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Why Sing For Moyes?
Sitting in Old Trafford, I just don't get why people are singing for Moyes. I don't condone booing, and the plane was ludicrous, but I don't understand the vocal support which I fear will play an important part in him sustaining his position for at least one more year. Other teams' fans who say those complaining are spoilt brats and over-privileged are completely missing the point. We are grossly under performing versus where we should be, which is competing for a top-four place (note, not the league) and moreover, there are no signs that things are going to get better (Moyes' negative mentality, our lack of style of play, and our awful defending, my three particular big issues).
That is why some (including me) are complaining. Surely the fans singing his name realise all this, and I know all they want is the best for the club like me, so why are they doing it? I get that stability is important, but this is just blind faith. Moyes needs to go and we need to replace him with someone who is a proven winner and who can imprint an attacking style of play.
Feeling No Different After Victory
This was not a match to change people's minds on the current state of the team, management, or boardroom. This was a 4-1 win against a team only just out of the relegation dogfight. This was a comfortable home win. This is what should be happening at Manchester United on a more regular basis. That this game is a bit of an anomaly this season will ensure the debate continues for a few more months.
With the personnel Manchester United have at their disposal, once again David Moyes was able to play arguably his best team. Juan Mata and Shinji Kagawa looked very lively, taking it in turns to drift inside. Kagawa was benefiting greatly from the width afforded by Alexander Buttner seemingly wanting to play as a left winger. Ashley Young was relatively anonymous, but why change the habit of a lifetime? Darren Fletcher and Marouane Fellaini offered a reasonably strong shield in front of the back four, and were largely effective springing attacks when back in possession.
The biggest concern remains the defence. A lot was made pre-match of the various combinations used by David Moyes, and with each and every game there is a noticeable regression in the stability of the back line. Consistently out of position, whoever is playing at full-back looks likely to either be sent off, or responsible for allowing the opposition space to create a chance. It must be presumed that Rafael was taken off to rest and relax before his inevitable sending-off against Bayern Munich.
David Moyes has admitted on a number of occasions that the Manchester United job has been a lot harder than he was expecting. It is his consistent naivety that is causing the slow-burn of dissent within Old Trafford. Was the plane message stunt a waste of money; of course it was. However it is important that legitimate criticism is levied towards him. He is no longer in a position to be sticking his head in the sand assuming everything is alright. It should be hoped that all the noises of support in the ground give him a confidence that he has the support of the core Old Trafford faithful. He must never forget, though, the standards expected. If people are willing to spend their own money to openly criticise his work, take heed, and strive for better.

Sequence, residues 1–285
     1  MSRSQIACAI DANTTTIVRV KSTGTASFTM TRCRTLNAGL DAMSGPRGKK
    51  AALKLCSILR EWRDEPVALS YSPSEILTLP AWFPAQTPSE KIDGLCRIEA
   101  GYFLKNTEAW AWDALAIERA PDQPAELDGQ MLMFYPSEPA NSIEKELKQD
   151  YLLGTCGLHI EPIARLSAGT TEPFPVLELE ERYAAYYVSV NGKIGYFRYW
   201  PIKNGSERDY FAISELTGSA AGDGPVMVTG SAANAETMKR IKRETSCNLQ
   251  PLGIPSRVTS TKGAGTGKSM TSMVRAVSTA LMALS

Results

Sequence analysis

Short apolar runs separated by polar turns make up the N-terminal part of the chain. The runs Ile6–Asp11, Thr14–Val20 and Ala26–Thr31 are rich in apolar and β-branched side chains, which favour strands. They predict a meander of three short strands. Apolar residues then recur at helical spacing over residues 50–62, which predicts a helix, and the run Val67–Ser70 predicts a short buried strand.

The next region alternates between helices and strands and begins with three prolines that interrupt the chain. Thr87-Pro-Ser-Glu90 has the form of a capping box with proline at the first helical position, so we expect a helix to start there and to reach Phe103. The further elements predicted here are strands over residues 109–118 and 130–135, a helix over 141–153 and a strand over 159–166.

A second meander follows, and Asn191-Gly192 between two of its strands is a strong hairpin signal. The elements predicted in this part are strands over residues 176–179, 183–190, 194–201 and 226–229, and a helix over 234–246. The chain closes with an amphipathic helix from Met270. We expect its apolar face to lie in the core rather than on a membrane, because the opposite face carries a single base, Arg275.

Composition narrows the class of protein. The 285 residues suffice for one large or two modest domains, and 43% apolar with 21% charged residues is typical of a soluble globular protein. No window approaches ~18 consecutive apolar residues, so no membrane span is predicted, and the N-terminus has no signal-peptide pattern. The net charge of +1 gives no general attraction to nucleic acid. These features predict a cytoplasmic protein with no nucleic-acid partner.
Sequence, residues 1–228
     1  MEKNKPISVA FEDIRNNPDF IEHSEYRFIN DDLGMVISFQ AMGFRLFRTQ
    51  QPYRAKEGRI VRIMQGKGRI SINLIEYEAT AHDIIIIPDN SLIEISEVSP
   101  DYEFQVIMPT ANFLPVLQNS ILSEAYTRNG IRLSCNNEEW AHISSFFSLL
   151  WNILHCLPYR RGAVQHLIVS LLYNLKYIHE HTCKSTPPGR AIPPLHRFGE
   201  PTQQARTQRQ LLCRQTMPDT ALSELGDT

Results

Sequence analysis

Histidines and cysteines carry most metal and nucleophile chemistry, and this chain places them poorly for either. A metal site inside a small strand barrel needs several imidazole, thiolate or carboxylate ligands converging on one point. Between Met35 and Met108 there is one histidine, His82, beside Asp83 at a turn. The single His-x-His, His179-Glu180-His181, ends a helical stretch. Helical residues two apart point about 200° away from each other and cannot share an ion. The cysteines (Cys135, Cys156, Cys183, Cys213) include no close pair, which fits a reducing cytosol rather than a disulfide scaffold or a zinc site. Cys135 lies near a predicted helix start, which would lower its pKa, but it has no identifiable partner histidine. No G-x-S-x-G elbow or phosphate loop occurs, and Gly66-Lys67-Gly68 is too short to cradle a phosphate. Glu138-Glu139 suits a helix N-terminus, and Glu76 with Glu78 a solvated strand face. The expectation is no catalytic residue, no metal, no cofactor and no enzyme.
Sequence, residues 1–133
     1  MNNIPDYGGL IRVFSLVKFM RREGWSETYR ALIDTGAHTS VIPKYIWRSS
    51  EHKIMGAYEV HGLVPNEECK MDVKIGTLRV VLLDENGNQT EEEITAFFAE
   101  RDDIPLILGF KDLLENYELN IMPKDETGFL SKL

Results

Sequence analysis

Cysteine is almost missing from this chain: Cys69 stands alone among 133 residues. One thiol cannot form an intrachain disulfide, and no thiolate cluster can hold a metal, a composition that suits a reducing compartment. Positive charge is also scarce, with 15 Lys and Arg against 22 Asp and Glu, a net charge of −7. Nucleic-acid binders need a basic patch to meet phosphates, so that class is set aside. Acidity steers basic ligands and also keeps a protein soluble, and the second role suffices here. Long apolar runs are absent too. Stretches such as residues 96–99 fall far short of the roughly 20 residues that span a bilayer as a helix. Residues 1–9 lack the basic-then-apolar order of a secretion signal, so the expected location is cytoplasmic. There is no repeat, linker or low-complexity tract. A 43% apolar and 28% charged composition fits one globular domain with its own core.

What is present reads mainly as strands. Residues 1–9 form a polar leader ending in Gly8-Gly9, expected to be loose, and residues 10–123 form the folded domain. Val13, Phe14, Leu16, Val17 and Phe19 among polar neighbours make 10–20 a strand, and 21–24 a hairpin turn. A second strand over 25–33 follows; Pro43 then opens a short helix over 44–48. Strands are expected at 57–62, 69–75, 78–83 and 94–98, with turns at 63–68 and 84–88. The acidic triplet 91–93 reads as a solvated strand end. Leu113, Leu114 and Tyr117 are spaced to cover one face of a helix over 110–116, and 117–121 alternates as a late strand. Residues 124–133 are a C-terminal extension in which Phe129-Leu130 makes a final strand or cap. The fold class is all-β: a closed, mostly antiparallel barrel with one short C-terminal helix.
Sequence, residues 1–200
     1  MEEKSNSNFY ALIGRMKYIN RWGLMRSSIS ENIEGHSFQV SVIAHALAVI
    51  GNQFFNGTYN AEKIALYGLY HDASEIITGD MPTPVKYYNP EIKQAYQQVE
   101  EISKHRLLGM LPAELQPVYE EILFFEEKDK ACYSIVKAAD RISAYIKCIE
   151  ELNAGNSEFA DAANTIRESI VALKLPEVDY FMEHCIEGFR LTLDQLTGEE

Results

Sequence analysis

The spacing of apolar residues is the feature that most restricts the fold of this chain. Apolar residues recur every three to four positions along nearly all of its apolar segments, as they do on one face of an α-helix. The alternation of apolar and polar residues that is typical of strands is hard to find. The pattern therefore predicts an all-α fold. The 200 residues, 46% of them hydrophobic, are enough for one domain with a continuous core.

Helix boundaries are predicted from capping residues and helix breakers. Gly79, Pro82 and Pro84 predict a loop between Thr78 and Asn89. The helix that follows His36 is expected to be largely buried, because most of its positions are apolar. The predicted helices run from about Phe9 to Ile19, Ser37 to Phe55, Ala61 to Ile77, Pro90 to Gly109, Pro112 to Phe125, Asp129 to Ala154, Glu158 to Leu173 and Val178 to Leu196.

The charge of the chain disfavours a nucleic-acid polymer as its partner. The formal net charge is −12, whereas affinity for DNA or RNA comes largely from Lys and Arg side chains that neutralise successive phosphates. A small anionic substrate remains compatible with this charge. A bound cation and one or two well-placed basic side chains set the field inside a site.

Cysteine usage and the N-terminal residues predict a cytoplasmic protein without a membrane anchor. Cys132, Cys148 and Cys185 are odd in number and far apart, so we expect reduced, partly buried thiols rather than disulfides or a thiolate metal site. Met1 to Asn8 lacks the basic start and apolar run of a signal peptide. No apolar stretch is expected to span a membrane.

The Bayern Munich games are, oddly, the most meaningless matches for the remainder of the season. Having watched horrendous games against Manchester City, Liverpool, and Olympiakos, no-one in the ground expects progression, no one at home will expect progression. No one, either, will be surprised if the performance over the two legs is as awful as the other big games this season It's obvious that Moyes will get another crack next season. It will be worth remembering, though, if things aren't going well, that this was when the tide started to turn.
...I can't stand David Moyes. He comes out 'defiantly' in anticipation of the plane, laps up the crowd and then probably feels like Russell Crowe in Gladiator when we beat the mighty Villa. How about the two disgusting defeats to Liverpool and City, the games that truly matter? Where the team selection (particularly City) was so wrong that even Stevie Wonder's arse could see it the moment the teams were announced.
Would be nice if it does go on to serve as the much-discussed turning point though, but I'm sure that once we get battered by Bayern he'll be that sheepish incompetent again.
Carrick-Less Midfield v Moyes' Cowardice
The two recent games without Michael Carrick in the midfield have actually looked promising. The midfield has looked motivated, and competent.
Since Carrick has been the first-choice midfielder the following problems have arisen at United:
* Rooney has spent long periods in midfield, though lining up as a striker. This has reduced his goal tally.
* Rooney has asked to leave twice, with one of his chief complaints, both times, being transfers and the midfield (at least according to rumors).